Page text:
Ben Margot/AP FIle photoIn the NBA Finals

New NBA season arrives, but Heat still the team to beat

Dwight Howard moved on and Derrick Rose came back, though Kobe Bryant won't quite yet. Nine first-time coaches are coming in and David Stern will soon head out.

With different looks all around the NBA in 2013-14, one familiar sight remains: LeBron James and the Miami Heat are entering another season as the team to beat.

The two-time defending champions will collect their rings tonight, then open against the Chicago Bulls, who with a healthy Rose might be the team that can unseat the Heat.

Or maybe it's San Antonio or Indiana, both a game away last year — actually, the Spurs were just seconds away — from finishing off Miami. Perhaps it's the Nets or Clippers, after both picked up pieces of the old Celtics that had the Heat's respect but not their number.

If someone does dethrone King James, it won't be because he was satisfied with two titles and lost his edge.

“When the hunger is gone, I'm going to give it up,” James said. “I've got a talent and I'm going to take full advantage of it. So I'm hungry.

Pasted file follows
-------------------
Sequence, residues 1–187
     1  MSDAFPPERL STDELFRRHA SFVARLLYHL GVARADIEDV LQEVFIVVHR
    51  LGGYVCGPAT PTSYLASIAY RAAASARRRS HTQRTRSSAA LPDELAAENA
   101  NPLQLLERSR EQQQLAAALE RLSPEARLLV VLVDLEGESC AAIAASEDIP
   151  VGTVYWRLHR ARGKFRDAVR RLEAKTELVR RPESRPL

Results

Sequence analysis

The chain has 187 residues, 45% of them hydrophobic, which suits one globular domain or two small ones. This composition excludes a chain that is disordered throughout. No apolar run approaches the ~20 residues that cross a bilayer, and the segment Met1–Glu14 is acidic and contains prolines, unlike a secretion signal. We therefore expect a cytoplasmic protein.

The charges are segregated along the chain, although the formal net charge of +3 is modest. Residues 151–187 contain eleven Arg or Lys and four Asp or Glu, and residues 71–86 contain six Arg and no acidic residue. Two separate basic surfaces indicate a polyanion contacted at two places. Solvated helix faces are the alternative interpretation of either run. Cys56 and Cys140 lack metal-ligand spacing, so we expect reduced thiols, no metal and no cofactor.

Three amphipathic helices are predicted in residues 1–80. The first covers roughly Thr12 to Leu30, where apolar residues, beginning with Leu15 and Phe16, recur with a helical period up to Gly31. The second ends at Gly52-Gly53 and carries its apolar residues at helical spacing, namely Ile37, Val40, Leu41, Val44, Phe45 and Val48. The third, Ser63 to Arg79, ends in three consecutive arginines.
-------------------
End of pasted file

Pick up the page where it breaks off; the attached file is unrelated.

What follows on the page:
“I love the game. There's nothing I would do more than play this game of basketball. So the championships are all great, but I'm playing for more than that. I've got a bigger calling than that.”

James did miss in the closing seconds of Game 6 of the NBA Finals, but the Heat got the rebound to set up Ray Allen's tying 3-pointer, pulled it out in overtime and won Game 7 to deny the Spurs a fifth title.

San Antonio may get another chance to finish the job, or may not even be the best team in Texas after Howard joined James Harden in Houston.

Howard bolted after one unfulfilling season in Los Angeles, where he and Bryant never found a working partnership. The center already seems happier and healthier in Houston, where he and Harden can build a potent inside-outside tandem.

The buzz in Los Angeles is about the Clippers, who hired Doc Rivers to coach while Paul Pierce and Kevin Garnett went to Brooklyn after Boston's breakup. That also could make both longtime losers not only the current kings of their cities, but also contenders to reach the NBA Finals — which are returning to the 2-2-1-1-1 format after 29 years of 2-3-2.

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